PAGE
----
Upon waking at eight, I couldn’t recall the fragment and at first didn’t even remember that I’d received it. When I checked my phone for emails I saw it was set on audio and had recorded something. I heard my sleep-furred voice faintly dah-dah-dahing a ten-note passage. Turning on my electric keyboard, which I hadn’t touched in years, I picked out the melody. Chords were next, and soon I was working again, as I had in 1974.
I like my grandfather’s tune, and I’m pretty sure where to go with it. I should be doing other more pressing things with my time, but an assignment is an assignment, and he will not let me go.
Back in the day, I stopped Marshall from channeling any more music for the sake of my sanity. Since then, I have shed all doubt for belief. I am grateful for my ghost: he made belief unavoidable, and I’d rather not conjecture what my life would be without it. Once you accept the afterlife, belief expands past the border of death into a welcoming stratosphere that throbs with energy. I’m looking forward to passing away. The adventure will continue, and being incorporeal will be so cool.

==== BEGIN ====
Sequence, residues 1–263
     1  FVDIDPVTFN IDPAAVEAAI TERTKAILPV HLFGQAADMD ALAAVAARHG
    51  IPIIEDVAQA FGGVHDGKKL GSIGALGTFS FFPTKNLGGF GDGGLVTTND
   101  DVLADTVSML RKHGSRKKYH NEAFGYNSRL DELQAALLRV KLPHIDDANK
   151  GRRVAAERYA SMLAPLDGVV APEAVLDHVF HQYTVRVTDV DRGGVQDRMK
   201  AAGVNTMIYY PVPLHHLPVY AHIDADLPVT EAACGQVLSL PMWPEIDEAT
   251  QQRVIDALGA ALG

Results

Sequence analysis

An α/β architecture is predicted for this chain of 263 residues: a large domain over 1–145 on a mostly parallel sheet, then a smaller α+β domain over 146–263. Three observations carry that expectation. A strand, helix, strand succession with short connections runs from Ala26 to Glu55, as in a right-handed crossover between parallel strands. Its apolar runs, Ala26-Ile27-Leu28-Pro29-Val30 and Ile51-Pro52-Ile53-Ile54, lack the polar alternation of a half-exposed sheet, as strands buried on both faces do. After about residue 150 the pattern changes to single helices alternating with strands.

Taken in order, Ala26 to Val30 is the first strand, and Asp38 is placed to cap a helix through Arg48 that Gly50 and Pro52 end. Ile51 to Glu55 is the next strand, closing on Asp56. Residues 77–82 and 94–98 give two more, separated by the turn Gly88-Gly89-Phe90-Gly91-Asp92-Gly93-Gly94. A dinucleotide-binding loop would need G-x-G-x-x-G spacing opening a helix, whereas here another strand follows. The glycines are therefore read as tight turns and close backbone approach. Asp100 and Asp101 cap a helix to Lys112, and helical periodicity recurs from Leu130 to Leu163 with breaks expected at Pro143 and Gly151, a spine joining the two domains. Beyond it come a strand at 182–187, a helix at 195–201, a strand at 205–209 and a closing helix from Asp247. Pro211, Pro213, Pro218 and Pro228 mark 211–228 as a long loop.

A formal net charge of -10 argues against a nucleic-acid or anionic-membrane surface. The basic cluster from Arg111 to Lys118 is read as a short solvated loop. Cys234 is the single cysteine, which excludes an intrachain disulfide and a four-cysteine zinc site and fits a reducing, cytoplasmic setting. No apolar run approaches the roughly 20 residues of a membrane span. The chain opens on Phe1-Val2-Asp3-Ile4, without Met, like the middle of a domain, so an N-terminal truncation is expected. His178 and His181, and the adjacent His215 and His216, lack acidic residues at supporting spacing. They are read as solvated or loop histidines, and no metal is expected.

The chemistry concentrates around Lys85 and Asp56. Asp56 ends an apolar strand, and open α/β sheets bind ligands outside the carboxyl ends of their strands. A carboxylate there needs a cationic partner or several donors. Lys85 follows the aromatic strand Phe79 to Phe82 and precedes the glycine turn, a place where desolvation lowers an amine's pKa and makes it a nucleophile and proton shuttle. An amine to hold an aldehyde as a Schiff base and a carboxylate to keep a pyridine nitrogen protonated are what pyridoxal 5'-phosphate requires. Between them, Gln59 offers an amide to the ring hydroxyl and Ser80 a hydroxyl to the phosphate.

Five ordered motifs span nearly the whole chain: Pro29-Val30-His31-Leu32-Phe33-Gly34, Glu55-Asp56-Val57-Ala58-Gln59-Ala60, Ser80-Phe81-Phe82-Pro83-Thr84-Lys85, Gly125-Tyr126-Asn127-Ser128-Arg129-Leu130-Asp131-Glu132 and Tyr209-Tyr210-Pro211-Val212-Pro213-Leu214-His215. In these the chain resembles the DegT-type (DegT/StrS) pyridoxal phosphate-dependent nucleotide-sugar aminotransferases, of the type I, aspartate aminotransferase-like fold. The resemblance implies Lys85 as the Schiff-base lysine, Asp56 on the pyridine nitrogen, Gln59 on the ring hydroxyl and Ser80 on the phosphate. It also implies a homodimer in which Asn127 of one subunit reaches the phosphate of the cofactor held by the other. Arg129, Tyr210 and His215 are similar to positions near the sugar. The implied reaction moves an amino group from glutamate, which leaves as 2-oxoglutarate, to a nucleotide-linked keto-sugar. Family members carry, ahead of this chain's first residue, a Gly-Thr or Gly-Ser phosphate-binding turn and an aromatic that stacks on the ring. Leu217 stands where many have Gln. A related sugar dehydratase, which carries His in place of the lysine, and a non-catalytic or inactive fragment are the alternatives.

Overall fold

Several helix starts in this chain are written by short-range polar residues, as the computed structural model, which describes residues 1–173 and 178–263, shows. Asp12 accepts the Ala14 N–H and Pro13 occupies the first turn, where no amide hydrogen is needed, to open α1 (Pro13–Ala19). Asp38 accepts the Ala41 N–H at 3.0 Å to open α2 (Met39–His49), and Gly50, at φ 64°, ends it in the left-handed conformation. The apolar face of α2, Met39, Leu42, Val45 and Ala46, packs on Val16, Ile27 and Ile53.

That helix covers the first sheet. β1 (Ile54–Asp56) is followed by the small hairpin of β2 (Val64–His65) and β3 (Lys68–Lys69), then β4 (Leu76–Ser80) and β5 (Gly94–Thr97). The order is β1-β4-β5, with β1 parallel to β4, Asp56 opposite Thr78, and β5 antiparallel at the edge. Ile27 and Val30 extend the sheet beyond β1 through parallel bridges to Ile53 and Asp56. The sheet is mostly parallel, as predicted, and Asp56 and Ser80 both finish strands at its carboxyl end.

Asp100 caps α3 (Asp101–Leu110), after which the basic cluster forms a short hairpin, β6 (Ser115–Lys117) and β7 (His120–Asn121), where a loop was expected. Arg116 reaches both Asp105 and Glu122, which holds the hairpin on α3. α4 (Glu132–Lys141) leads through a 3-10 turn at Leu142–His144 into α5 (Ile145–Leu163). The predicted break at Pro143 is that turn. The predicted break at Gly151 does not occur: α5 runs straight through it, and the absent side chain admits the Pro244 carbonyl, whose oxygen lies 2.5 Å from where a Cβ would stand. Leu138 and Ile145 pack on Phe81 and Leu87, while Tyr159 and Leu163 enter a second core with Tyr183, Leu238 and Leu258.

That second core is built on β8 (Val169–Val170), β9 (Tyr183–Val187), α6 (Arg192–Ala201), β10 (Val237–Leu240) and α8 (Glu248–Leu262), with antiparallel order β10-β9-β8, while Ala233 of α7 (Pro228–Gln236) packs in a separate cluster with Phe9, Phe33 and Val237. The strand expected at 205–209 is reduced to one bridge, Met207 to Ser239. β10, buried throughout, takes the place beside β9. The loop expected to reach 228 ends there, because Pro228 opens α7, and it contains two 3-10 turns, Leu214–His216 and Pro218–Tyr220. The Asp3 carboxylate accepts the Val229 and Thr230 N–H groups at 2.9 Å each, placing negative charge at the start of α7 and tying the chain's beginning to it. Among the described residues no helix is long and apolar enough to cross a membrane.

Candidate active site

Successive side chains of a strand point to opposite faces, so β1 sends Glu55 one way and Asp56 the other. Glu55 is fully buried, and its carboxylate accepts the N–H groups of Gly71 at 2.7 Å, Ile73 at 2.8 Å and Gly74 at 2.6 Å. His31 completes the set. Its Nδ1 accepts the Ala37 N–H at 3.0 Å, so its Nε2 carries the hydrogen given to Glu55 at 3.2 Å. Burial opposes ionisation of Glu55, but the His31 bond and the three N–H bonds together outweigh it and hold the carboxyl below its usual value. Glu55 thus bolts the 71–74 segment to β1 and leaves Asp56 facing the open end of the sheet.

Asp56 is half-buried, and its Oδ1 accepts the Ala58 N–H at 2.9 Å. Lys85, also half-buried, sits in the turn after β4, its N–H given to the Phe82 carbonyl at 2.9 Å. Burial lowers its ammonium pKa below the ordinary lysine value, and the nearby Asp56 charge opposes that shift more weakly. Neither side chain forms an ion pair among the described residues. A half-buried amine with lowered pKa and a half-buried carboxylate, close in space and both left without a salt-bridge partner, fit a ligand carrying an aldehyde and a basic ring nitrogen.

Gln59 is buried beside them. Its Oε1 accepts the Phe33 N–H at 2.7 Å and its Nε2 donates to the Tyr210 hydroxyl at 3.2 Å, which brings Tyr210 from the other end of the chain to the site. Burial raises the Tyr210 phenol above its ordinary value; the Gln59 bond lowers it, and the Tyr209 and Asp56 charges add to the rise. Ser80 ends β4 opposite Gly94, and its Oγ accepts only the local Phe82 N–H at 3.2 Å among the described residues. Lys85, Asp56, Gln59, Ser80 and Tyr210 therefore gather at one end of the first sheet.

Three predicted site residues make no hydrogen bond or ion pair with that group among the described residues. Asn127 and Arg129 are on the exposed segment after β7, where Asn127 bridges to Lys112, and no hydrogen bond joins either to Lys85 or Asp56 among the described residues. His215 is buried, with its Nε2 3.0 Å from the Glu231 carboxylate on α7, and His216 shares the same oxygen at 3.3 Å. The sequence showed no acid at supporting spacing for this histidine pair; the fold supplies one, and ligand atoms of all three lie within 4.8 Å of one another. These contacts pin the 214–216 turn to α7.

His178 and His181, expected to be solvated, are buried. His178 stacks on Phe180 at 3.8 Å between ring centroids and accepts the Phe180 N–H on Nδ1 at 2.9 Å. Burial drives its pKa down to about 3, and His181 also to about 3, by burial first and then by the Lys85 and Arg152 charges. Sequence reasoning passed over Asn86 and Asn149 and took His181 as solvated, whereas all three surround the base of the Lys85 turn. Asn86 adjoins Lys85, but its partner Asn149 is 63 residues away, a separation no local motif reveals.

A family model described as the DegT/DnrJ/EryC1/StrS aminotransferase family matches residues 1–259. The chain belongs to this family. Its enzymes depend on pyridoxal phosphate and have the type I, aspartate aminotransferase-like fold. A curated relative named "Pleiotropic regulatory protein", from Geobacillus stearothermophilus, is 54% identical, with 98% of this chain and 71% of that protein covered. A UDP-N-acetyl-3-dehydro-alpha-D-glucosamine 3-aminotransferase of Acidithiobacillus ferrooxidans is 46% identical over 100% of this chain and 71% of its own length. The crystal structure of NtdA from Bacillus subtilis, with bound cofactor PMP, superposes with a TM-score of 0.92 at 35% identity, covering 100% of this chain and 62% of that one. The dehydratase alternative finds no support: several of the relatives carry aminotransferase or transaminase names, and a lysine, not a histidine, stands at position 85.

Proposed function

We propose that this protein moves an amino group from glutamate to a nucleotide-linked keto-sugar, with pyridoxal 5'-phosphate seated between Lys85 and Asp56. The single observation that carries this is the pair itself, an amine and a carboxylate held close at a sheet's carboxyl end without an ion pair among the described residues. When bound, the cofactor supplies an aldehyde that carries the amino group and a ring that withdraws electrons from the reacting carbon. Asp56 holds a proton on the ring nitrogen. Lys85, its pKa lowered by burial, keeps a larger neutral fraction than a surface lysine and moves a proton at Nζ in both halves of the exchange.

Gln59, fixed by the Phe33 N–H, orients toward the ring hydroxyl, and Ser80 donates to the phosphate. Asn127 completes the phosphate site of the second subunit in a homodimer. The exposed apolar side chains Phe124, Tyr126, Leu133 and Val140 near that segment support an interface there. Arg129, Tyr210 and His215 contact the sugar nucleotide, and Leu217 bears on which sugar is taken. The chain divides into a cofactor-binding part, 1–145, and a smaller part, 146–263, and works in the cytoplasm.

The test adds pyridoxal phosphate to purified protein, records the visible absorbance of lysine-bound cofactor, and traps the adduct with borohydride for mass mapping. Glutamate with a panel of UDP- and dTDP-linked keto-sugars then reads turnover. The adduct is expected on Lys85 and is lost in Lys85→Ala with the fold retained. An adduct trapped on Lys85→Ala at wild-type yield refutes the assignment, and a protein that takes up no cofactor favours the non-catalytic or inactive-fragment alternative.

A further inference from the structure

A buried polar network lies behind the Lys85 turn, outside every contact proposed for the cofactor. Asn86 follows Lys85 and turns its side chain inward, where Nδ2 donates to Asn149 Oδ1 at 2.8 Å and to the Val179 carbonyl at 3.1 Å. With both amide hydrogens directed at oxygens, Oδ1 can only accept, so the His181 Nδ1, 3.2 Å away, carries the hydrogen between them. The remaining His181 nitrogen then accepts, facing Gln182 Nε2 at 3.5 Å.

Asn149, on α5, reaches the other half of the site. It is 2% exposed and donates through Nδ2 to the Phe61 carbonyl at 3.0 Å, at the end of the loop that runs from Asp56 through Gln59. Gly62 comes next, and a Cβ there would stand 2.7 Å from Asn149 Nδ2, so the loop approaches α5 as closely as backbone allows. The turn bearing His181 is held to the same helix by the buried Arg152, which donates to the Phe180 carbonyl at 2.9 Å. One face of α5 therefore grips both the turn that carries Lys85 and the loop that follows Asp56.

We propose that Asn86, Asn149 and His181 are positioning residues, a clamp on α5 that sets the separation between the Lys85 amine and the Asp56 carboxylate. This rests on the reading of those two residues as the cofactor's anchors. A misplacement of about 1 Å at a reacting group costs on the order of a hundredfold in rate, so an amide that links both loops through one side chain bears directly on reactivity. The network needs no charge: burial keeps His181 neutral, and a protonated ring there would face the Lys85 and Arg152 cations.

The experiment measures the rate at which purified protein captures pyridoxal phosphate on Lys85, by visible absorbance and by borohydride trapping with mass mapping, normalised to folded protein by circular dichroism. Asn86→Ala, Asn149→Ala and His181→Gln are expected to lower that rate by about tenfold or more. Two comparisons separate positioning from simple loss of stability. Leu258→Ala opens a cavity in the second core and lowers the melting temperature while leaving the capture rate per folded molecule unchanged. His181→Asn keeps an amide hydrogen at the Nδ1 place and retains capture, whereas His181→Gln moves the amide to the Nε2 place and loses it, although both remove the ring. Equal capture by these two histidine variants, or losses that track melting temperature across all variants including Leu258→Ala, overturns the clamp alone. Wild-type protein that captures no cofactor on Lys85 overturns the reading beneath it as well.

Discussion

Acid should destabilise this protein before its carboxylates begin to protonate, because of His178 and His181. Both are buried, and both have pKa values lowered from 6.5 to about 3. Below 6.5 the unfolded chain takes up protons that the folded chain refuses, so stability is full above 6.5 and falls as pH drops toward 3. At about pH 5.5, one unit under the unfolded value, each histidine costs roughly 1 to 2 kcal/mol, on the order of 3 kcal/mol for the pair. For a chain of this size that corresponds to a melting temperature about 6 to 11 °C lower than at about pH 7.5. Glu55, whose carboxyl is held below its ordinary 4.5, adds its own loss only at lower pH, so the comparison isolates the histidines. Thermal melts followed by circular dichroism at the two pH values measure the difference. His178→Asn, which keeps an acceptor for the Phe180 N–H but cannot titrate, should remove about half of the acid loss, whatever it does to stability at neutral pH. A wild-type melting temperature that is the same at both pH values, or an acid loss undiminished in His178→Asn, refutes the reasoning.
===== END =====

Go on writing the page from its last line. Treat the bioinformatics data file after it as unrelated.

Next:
Thus I owe my spiritual fortune to my persistent companion, my grandfather, born 1880, a pampered only child, World War I veteran, a composer of songs, a music publisher, a mischievous wit, a remote husband; and a dedicated Freemason. Embracing the mysticism of that occult brotherhood, he came to believe in eternal life, in spiritual bonds lasting beyond death. And then his own death came: Marshall Rutgers Kernochan lay near a pool of brandy and broken glass, his body deceased and his spirit rushing ecstatically toward the eternity he always believed, he knew, awaited.
I know he will be there, offering an aperitif, when I pass over: the moment when I leave to arrive, when goodbye overlaps hello. I will receive the glass, unbroken, from his hand.